Leaders may know intuitively that having clearly stated operating principles or values is a healthy step for an organization. But once they are created, what happens next? Follow the example of netlogx and learn three ways to unleash the power of the principles.
Creating operating principles or values statements is a way to build trust. Operating principles describe the way members of an organization behave in interactions with each other and those they serve—customers, clients, students, stakeholders. Having operating principles clearly spelled out makes expectations crystal clear. Operating principles also give anyone in the organization a way to talk about behavior that is outside the boundaries.
Although common themes can usually be seen, every organization will express operating principles differently. If your office or work group has established operating principles—bravo! You have taken a step towards creating and maintaining a healthy workplace. What’s next? How can you put them to work?
1. Talk about them as a group
netlogx is an Indianapolis-based information technology and security company poised to expand not only nationally, but internationally. While growing, the company also intends to retain its status as a family-friendly preferred employer.
At the start of the company’s expansion journey, Audrey Taylor, Managing Partner and the executive team identified a draft of operating principles and then took the draft to the entire group of 30+ team members. The aim of this all-hands meeting was to make the operating principles more real for everyone. The question was, “Think of a situation in which netlogx will ‘live’ each of these principles.” Working in small groups, the netlogx staff described many current activities and scenarios where the operating principles were clearly already in full swing. An additional operating principle was suggested by the staff and added to the official netlogx list. (Talking about what the principles look like in action is essential if they are going to guide behavior. Especially for the new team members in the group, the netlogx discussion evoked a response of “Wow, this is really a great place to be.”(netlogx Operating Principles are shown below.)
2. Use to screen new team members
netlogx expects to at least double its staff in the next several years. The operating principles make a nuanced screening tool for selecting new team members. Using the list in the interview, ask the question, “Which of our operating principles appeal to you most and why?” This gives people who are most likely to fit into this culture an opportunity to show it. People who really resonate to the principles will be able to provide examples of how they have encountered situations that relate or why they believe the principles are important. Anyone who can’t make a personal connection with at least several of the operating principles is probably not a good gamble.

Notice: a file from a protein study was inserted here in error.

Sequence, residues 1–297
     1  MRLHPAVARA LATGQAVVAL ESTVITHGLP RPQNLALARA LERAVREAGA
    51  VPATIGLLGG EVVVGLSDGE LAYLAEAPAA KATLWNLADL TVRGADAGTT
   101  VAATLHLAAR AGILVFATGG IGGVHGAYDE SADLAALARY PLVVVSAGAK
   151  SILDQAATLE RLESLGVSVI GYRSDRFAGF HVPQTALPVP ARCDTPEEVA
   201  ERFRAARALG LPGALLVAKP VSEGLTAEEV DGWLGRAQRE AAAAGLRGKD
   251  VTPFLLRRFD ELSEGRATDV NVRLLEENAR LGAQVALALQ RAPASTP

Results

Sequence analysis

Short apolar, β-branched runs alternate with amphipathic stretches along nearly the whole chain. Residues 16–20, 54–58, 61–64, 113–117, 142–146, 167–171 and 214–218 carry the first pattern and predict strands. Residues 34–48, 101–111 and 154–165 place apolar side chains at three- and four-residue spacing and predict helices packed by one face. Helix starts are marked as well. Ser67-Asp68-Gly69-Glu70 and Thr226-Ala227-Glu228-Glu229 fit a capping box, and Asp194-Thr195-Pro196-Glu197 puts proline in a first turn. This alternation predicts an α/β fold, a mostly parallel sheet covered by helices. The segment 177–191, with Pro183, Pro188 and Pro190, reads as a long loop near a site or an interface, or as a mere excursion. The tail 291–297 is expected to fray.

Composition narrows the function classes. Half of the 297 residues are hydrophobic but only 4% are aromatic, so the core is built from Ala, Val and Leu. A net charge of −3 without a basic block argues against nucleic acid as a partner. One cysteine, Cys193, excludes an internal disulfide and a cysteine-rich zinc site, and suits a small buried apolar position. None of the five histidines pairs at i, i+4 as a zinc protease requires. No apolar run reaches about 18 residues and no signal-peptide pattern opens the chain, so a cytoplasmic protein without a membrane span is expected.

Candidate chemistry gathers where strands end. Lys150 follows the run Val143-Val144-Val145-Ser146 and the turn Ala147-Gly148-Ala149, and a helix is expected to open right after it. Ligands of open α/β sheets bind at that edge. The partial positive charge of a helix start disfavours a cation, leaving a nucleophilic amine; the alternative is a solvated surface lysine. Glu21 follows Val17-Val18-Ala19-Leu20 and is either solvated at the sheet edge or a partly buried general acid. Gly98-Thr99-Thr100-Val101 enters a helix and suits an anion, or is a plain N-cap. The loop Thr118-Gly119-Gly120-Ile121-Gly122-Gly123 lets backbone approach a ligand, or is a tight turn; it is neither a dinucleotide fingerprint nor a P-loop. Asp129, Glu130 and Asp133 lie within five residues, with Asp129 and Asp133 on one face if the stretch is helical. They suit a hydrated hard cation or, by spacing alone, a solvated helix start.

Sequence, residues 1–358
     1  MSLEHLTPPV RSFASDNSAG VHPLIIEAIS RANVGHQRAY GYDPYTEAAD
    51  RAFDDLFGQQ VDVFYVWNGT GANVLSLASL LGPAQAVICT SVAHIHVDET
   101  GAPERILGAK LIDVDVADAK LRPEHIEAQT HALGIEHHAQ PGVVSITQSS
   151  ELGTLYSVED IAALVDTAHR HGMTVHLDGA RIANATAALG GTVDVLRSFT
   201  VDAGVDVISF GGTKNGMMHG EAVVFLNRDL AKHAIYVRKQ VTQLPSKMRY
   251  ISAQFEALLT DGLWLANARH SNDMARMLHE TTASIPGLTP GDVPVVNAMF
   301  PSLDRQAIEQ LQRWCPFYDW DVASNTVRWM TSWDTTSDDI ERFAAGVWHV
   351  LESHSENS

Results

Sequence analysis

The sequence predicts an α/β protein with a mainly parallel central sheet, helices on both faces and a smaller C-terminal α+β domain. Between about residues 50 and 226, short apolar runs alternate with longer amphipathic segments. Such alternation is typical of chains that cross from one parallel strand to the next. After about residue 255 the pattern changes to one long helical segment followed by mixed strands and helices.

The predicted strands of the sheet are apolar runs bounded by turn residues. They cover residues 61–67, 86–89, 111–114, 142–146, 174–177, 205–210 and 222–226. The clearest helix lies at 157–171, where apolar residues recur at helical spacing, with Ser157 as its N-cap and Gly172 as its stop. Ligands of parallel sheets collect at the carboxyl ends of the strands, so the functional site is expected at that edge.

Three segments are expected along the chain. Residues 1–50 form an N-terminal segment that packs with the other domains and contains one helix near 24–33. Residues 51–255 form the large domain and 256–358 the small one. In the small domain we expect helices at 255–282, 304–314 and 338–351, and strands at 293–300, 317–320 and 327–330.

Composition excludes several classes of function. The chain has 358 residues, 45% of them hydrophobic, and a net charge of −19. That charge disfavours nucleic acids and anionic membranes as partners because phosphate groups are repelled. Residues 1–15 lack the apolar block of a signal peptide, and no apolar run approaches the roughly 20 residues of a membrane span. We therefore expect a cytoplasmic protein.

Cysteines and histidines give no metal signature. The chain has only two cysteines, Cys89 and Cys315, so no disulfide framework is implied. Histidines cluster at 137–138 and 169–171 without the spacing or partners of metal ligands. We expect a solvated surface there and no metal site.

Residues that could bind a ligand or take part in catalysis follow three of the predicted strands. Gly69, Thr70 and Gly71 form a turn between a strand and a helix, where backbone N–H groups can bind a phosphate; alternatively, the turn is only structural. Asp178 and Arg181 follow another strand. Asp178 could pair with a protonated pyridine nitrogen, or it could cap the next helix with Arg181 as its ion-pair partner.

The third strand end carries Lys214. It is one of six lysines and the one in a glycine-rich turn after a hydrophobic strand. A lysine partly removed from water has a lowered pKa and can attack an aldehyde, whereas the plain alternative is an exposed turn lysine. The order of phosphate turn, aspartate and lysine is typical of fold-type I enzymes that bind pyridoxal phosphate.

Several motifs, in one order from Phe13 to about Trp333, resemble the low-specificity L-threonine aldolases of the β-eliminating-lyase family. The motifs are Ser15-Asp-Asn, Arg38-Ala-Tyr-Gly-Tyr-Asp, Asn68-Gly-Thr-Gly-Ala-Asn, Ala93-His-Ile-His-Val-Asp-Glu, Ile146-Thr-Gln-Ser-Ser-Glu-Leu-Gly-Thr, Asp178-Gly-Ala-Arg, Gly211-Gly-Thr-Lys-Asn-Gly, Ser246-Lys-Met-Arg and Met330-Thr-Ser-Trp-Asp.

3. Use in performance review
In addition to discussing goals and objectives in a performance review, ask team members how they have “lived” the operating principles in carrying out their work. Ask them which of the principles are most challenging to live out on a daily basis. This conversation may point towards particular professional development. For example, a manager may reveal that he or she is very uncomfortable to give team members negative feedback (e.g. communicate honestly), even when a change is clearly needed. This can be addressed with online learning, role-playing, identifying a mentor, attending a seminar or workshop, or “bibliotherapy,” like the always excellent Crucial Conversation Tools for Talking When Stakes Are High, Second Edition (Patterson, et al., 2012).
Most every organization will violate its own operating principles at one time or another. Perfection is not the goal. Awareness and sincere intentions to live by the principles are what matter. If tended to over time, as described here, the principles can shape behavior and soak into the bones of the organization. When the principles are violated, give team members (or yourself) a “do-over” and move forward. A slip doesn’t mean the operating principles aren’t working. In fact, acknowledging a slip is an indication that the principles are alive and well.
netlogx Operating Principles
Possessing and steadfastly adhering to high moral principles and professional standards
Express consideration or thoughtfulness in relation to somebody or something
Connect clearly, honestly, directly, frequently, and with empathy with anyone in the organization
Acknowledgment of achievement
Make decisions, learn from the outcomes and thereby develop a greater sense of confidence or self-worth
Embrace challenges, managing expectations and taking practical and pragmatic responsibility for their work
Note: Humor is an underlay for all the principles.
For more information, visit netlogx.
Author and consultant Kathleen A. Paris, Ph.D., speaks on healthy workplaces, provides consulting for strategic planning, process improvement and redesign, and professional development for leaders. Read more »